Anne visits Mrs. Smith the next morning. She tells her about the concert. Mrs. Smith, however, has already been told about it by a maid. Mrs. smith thinks that Anne must be in love with Mr. Elliot, and she asks Anne if he has ever mentioned her name. Anne assures Mrs. Smith that she has no romantic interest in Mr. Elliot. Mrs. Smith thinks that people must be trying to persuade Anne to marry Mr. Elliot, as it would be appropriate in so many ways.
Mrs. Smith explains to Anne how she knows Mr. Elliot. She describes him as being a man “without a heart or a conscience…a cold-blooded being.” Mr. Elliot had once been a friend of her late husband. She and her husband had helped him when he had financial problems. Mr. Elliot married his wife entirely for financial motives, as he wanted wealth and independence. Mrs. Smith had heard him declare that he would sell his eventual right to the baronetcy for fifty pounds if someone would take it. She lets Anne look at a letter written by Mr. Elliot in which he says he wishes to destroy Kellynch or get as much money for it as possible. After he got married, he pushed Mr. Smith to live in an extravagant way and get into a large amount of debt. In this way, he caused the Smiths to endure financial ruin but he refused to provide any assistance. When Mr. Smith died, Mr. Elliot was the executor of his will. He refused to carry out his duties, thereby causing Mrs. Smith to be burdened with debts and difficulties. Mrs. Smith tells Anne more about Mr. Elliot’s current schemes, which she has been told by servants. Mr. Elliot has changed his attitude towards the baronetcy, and now wants the title above all other things. When he heard the rumor that it was possible that Sir Walter could remarry, he was very angry. He knew that if Sir Walter were to have a son, that son would be the heir to the title and estate. Mr. Elliot came to Bath specifically to try to ruin any chance that Sir Walter could ever marry Mrs. Clay. Upon meeting Anne, he developed the additional plan of marrying her and making his position even safer. He had intended for the marriage contract to have the provision that Sir Walter never marry again.
Anne is disappointed and upset by what she learns about Mr. Elliot. She now knows how manipulative and cunning he really is, and she is happy to possess this new information so that she can protect her family. She knows she must inform Lady Russel of everything she has heard very quickly.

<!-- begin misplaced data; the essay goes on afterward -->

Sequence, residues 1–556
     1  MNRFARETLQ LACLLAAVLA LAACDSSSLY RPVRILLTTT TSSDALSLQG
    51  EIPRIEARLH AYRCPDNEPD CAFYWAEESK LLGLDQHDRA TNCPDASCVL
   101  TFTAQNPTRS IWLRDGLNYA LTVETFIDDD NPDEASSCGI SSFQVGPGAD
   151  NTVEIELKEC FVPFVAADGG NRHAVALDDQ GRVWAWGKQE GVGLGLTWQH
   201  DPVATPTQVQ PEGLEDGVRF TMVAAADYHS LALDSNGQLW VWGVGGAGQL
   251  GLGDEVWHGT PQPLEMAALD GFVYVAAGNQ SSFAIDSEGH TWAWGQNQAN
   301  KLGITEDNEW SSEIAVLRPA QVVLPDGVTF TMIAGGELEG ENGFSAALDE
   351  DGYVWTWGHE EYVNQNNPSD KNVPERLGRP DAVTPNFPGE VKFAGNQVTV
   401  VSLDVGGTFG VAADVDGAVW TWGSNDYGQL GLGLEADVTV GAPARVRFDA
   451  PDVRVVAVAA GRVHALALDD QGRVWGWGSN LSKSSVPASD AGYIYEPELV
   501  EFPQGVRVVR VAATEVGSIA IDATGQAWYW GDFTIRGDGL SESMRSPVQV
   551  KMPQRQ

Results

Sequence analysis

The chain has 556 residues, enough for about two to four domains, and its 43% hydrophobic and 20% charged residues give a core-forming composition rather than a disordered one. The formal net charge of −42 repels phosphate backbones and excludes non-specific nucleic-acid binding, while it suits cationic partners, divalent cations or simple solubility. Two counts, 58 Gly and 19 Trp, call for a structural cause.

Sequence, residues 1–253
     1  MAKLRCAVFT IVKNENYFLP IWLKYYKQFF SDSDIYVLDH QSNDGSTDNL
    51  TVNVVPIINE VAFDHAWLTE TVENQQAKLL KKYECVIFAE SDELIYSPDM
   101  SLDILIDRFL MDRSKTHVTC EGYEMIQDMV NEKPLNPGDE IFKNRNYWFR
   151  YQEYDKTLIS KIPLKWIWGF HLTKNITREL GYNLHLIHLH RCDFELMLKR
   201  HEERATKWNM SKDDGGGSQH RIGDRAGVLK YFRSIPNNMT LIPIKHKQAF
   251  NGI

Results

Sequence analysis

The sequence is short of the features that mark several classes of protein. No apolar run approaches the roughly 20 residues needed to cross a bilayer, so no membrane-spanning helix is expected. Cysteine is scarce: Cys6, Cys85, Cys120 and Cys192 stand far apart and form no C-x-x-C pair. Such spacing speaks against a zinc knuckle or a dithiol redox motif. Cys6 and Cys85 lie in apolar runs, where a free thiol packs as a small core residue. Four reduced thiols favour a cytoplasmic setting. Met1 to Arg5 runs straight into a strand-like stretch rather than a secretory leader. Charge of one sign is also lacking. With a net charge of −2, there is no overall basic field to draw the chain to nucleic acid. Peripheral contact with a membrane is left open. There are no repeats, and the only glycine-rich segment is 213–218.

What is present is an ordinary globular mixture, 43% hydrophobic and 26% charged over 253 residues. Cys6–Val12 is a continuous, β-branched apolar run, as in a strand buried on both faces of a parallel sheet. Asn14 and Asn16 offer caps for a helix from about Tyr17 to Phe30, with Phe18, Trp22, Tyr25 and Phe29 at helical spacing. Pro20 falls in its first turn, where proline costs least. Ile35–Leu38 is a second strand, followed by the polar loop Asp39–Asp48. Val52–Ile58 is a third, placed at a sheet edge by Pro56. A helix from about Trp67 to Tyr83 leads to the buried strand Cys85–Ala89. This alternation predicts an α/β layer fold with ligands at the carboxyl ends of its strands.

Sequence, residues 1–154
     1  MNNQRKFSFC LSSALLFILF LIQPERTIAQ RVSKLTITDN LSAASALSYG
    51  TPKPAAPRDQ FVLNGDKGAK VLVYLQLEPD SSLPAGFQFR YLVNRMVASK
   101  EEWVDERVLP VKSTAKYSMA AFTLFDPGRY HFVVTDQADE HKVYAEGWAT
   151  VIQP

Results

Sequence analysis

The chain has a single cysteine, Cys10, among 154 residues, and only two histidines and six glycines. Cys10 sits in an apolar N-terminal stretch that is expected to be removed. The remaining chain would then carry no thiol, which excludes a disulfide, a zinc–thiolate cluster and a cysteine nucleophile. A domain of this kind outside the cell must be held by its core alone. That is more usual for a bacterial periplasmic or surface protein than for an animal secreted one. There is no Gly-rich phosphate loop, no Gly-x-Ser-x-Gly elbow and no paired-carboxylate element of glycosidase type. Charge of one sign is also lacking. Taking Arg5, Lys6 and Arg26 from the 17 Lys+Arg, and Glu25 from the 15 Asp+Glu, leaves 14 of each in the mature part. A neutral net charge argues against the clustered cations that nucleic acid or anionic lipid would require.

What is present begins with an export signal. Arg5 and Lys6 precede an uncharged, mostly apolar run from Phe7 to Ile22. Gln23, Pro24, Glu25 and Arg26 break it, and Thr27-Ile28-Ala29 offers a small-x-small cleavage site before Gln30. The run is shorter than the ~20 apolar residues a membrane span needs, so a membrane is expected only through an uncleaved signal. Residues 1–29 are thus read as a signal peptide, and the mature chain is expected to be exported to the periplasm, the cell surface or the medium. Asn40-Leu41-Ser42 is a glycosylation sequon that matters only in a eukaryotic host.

Mr. Elliot attempts to entertain and flatter Anne that evening, but she is not at all receptive. He says that he will be away from Bath for a few days and will be back on Saturday.
Anne plans to go to see Lady Russell the next morning, but Charles and Mary Musgrave suddenly arrive for a surprise visit. She welcomes them warmly. Mary provides news of the Musgrove family, who it seems has also come to Bath. Mrs. Musgrove, Charles, Mary, Henrietta, and Captain Harville are all in the city. Henrietta has come to Bath to buy wedding clothes. She is soon to marry Charles Hayter. Anne thinks it must be wonderful to have such caring parents who are more concerned with their children’s happiness than just propriety and appearances.
Anne visits the Musgroves at their accommodations, and she finds herself again enjoying being around them. While she is there, Mary happens to peer out of a window and see Mr. Elliot speaking to Mrs. Clay outside. Anne confirms that it is indeed them.
Charles and Mary argue about that evening’s plans. Charles has already booked a box for them to enjoy a play, but Mary wants them to attend Sir Walter’s evening party. She is eager for an introduction to the Dalrymples and Mr. Elliot. Anne communicates that she would vastly prefer to see a play than be around Mr. Elliot, and the Captain seems to notice this. Mary and Charles finally agree to go to the evening party.
Elizabeth and Sir Walter briefly visit to invite all the Musgroves to the party, as well. Captain Wentworth is also invited.